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Senses Used To Help Students Write Creatively
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With flashlight, camping tent, and warm clothing, OJHS English teacher Danesa Jepson reads a script about the wilderness weather for the sensory day creative writing assignment on Sept. 23. - photo by Dawn M. Henley/The Leader

An English writing project recently allowed Oakdale Junior High School students to go camping in the wilderness – while staying at school.
As a creative way to meet writing standards, OJHS Language Arts teachers Danesa Jepson, Lori Vargas, and Jenny Ferguson planned a “sensory day” for their students to help them develop skills in writing specific details. A dark, chilly classroom, a tent, some pine boughs and pinecones, flashlights, and cold weather attire helped provide the backdrop for the sensory day in the wilderness.
“(The students) are given a list of things to bring but they don’t know where they’re going or what they’ll be experiencing,” Ferguson explained.
Some of the items they were asked to bring were blankets, sweatshirts, s’mores, and packets of hot chocolate for the day.
The teachers followed a script that touched on each of the five senses by using the items that the students had brought and a few other props as well. As they played recorded sounds of crickets and howling wolves, they told students to describe what they hear. The talked to them about the chill in the air and tossed crushed ice over the crowd as “snow.” They asked what the s’mores tasted like, smelled like, and sounded like.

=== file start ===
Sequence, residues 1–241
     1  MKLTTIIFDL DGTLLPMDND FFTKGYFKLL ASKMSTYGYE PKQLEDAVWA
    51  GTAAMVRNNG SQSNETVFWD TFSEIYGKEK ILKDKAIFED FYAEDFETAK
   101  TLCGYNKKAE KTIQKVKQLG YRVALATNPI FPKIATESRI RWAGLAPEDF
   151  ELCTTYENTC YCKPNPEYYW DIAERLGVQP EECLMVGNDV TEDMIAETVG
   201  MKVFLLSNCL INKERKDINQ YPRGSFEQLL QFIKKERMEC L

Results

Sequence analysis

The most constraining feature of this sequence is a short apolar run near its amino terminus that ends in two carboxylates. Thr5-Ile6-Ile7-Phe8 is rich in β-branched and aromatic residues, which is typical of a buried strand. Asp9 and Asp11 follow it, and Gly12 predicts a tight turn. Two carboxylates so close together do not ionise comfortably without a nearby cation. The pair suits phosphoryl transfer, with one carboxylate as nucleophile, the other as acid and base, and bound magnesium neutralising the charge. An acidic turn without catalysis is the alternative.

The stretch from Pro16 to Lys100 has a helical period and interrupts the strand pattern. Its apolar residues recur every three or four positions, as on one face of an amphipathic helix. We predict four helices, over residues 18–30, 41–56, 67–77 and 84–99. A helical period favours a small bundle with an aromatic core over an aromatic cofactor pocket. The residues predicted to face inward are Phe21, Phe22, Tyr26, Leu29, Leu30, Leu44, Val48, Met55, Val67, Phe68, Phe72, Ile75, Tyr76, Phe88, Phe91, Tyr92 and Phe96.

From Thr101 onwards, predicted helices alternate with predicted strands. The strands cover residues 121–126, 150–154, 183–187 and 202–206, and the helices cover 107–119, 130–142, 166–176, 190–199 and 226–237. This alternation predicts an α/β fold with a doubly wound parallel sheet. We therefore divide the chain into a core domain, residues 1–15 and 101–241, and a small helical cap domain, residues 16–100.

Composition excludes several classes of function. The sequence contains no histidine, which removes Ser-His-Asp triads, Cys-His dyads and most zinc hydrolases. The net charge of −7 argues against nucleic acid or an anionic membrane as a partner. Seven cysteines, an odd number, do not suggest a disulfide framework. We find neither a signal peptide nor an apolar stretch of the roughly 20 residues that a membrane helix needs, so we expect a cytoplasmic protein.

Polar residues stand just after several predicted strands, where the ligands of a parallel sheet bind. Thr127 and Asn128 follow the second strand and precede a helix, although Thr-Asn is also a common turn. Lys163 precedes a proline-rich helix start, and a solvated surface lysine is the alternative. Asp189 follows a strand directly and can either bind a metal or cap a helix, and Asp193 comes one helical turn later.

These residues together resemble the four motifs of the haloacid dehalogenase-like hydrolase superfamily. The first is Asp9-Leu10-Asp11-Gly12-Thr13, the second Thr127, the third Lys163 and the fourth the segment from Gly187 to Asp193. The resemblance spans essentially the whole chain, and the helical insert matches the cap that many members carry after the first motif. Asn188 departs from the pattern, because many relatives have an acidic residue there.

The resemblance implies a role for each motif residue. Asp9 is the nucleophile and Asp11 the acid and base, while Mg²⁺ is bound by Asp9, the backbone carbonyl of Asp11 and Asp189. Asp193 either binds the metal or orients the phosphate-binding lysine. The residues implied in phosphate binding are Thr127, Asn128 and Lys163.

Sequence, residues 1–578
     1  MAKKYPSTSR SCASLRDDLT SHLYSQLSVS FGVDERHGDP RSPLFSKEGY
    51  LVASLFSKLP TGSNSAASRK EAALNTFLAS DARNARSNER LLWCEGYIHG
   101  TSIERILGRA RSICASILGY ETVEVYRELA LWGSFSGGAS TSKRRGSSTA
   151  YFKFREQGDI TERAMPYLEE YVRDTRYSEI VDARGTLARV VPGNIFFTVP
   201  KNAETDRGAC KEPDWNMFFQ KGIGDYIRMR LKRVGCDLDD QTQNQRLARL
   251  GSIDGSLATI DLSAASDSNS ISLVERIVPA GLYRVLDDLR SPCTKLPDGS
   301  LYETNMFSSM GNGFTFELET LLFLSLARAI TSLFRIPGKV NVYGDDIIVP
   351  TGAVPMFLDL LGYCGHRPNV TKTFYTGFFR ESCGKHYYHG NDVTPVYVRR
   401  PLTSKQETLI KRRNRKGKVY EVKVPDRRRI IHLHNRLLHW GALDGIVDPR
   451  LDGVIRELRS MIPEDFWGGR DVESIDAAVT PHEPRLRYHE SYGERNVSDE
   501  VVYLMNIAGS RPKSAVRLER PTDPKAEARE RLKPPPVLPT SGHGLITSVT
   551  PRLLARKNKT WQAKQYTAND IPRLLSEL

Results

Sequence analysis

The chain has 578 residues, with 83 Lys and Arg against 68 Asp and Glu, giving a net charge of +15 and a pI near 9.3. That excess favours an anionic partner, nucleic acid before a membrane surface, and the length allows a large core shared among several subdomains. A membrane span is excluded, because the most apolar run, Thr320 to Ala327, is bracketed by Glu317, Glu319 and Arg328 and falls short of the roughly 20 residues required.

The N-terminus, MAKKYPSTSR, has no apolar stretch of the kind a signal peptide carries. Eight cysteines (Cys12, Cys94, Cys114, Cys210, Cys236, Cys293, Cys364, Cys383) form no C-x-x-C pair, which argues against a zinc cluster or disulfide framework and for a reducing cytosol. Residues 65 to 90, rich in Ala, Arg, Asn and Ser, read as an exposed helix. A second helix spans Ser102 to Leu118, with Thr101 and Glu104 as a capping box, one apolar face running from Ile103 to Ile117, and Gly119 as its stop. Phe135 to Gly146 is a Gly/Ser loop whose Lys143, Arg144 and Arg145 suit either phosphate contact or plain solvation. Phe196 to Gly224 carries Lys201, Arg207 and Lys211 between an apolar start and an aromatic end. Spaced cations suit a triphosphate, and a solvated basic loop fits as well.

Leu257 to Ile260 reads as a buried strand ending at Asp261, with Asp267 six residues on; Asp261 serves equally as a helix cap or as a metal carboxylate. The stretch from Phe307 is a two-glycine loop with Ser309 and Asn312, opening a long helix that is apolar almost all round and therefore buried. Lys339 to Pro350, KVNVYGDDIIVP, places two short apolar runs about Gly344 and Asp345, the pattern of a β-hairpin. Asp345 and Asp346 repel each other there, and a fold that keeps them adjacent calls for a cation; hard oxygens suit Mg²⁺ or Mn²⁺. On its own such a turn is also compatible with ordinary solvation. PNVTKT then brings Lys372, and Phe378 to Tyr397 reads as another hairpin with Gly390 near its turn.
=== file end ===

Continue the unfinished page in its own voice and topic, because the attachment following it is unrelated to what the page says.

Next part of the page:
“(Having the props), it helps you describe things better because it’s all visual, you can feel it, and you can touch it,” said eighth grader Alexes Starkweather.
The students practiced using their five senses and charted them using descriptive, specific words. Describing rather than telling brings more color, or life, to the students’ writing.
“One of their standards is to be able to use descriptive writing in a narrative,” Ferguson said.
The students spent 20 to 30 minutes in the “wilderness,” taking in the experience and writing down their thoughts, then they went back to their classrooms to write more and share some descriptions with their class.
 “They get the experience of it,” Jepson said. “One student had never gone camping before… It’s nice to let students have that experience…and their writing gets substantially better.”
Providing a vivid picture of what they’re experiencing or seeing in their own mind is a goal of the project. Jepson added that the students did some practice assignments in the weeks leading up to the sensory day.
Jepson and Vargas got the idea from a conference workshop that focused on how to make writing more creative and real for students. The teachers have also alternately done a “day at the beach” for sensory day.